Our take:

“Ironically, in many of our most iron and ferritin deficient patients, we also find elevated levels of hsCRP. This makes the case that investigating the causal link between inflammation and iron deficiency holds to thrombosis. Another frequent clinical observation is that infectious titers with EBV, CMV, HHV6, Mycoplasma and Chlamydia pneumoniae species are often elevated in the presence of severe iron deficiency [anemia]. These organisms are known to contribute to coagulopathies and blood vessel and heart disease. Low stomach acid/digestive function is also frequently finding in patients who are low on iron. The astute clinician should investigate patients dietary intake of iron rich foods, the digestive process and through testing other minerals, assess if absorption is affected. Zinc and magnesium deficiency frequently accompanies iron deficiency in our patient population, significantly affecting energy production and stamina, stomach acid production and immune function amongst many other important core functions. We recommend testing to understand the whole causal picture as best we can construct it.”

 

Next step is determining if treating iron deficiency wards off dangerous clots

By Robert Preidt

Low levels of iron in the blood are associated with an increased risk of dangerous blood clots that form in a vein, according to the results of a new study that included patients with an inherited blood vessel disease.

The findings suggest that treating iron deficiency may help prevent the condition known as deep vein thrombosis (DVT), according to the researchers at Imperial College London in England.

DVT typically occurs in the legs and can cause pain and swelling, and can be fatal if a blood clot dislodges and travels into the blood vessels of the lungs. Major surgery, immobility and cancer are recognized risk factors for blood clots, but there is no clear cause in many cases.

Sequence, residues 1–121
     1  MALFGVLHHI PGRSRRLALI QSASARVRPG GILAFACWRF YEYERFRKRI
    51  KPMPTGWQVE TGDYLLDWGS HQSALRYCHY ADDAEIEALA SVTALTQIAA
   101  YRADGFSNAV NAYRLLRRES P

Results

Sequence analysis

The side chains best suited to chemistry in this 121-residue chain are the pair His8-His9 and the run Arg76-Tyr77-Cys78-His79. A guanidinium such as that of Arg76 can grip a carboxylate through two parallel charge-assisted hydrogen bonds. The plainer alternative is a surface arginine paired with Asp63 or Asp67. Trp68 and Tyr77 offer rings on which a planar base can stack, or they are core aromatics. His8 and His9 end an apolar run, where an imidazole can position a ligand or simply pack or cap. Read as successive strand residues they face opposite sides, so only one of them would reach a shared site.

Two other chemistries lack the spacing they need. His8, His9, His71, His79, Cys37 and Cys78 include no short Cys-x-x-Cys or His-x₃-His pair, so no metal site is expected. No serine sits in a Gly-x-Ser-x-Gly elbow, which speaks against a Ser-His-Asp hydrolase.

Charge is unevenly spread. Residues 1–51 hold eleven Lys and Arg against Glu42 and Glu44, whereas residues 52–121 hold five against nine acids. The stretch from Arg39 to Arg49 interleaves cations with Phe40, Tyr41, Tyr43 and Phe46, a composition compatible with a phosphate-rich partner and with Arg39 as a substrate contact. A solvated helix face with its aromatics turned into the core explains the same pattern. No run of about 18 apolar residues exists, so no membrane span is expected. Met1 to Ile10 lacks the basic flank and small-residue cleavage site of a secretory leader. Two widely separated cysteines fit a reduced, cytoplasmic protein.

The new study included 609 patients with hereditary hemorrhagic telangiectasia (HHT), a genetic disease of the blood vessels that causes excessive bleeding from the nose and gut. Many HHT patients have low iron levels due to the loss of iron through bleeding.

Patients in the study with low iron levels were at increased risk for blood clots, but those who took iron supplements did not have a higher risk. This suggests that treating iron deficiency may help prevent DVT in the general population, the researchers said in a news release from the college.

“Our study shows that in people with HHT, low levels of iron in the blood is a potentially treatable risk factor for blood clots,” lead author Dr. Claire Shovlin, from the National Heart and Lung Institute at Imperial College London and an honorary consultant at Imperial College Healthcare NHS Trust, said in the news release.

“There are small studies in the general population which would support these findings, but more studies are needed to confirm this. If the finding does apply to the general population, it would have important implications in almost every area of medicine,” Shovlin added.

The study is published in the Dec. 14 issue of the journal Thorax.

About one billion people worldwide are believed to have iron deficiency anemia, according to the researchers.

SOURCE:

Imperial College London, news release, Dec. 14, 2011